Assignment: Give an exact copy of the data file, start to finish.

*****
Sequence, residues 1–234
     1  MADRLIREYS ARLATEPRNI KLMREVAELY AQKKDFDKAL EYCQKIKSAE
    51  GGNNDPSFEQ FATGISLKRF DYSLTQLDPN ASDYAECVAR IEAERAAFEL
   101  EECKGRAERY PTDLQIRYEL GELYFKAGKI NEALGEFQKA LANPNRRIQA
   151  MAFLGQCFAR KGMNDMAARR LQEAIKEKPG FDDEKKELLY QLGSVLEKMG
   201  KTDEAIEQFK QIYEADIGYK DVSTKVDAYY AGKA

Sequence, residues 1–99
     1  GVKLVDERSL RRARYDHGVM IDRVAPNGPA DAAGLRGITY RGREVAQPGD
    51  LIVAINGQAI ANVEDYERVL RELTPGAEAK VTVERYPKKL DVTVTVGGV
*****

Sequence, residues 1–234
     1  MADRLIREYS ARLATEPRNI KLMREVAELY AQKKDFDKAL EYCQKIKSAE
    51  GGNNDPSFEQ FATGISLKRF DYSLTQLDPN ASDYAECVAR IEAERAAFEL
   101  EECKGRAERY PTDLQIRYEL GELYFKAGKI NEALGEFQKA LANPNRRIQA
   151  MAFLGQCFAR KGMNDMAARR LQEAIKEKPG FDDEKKELLY QLGSVLEKMG
   201  KTDEAIEQFK QIYEADIGYK DVSTKVDAYY AGKA

Sequence, residues 1–99
     1  GVKLVDERSL RRARYDHGVM IDRVAPNGPA DAAGLRGITY RGREVAQPGD
    51  LIVAINGQAI ANVEDYERVL RELTPGAEAK VTVERYPKKL DVTVTVGGV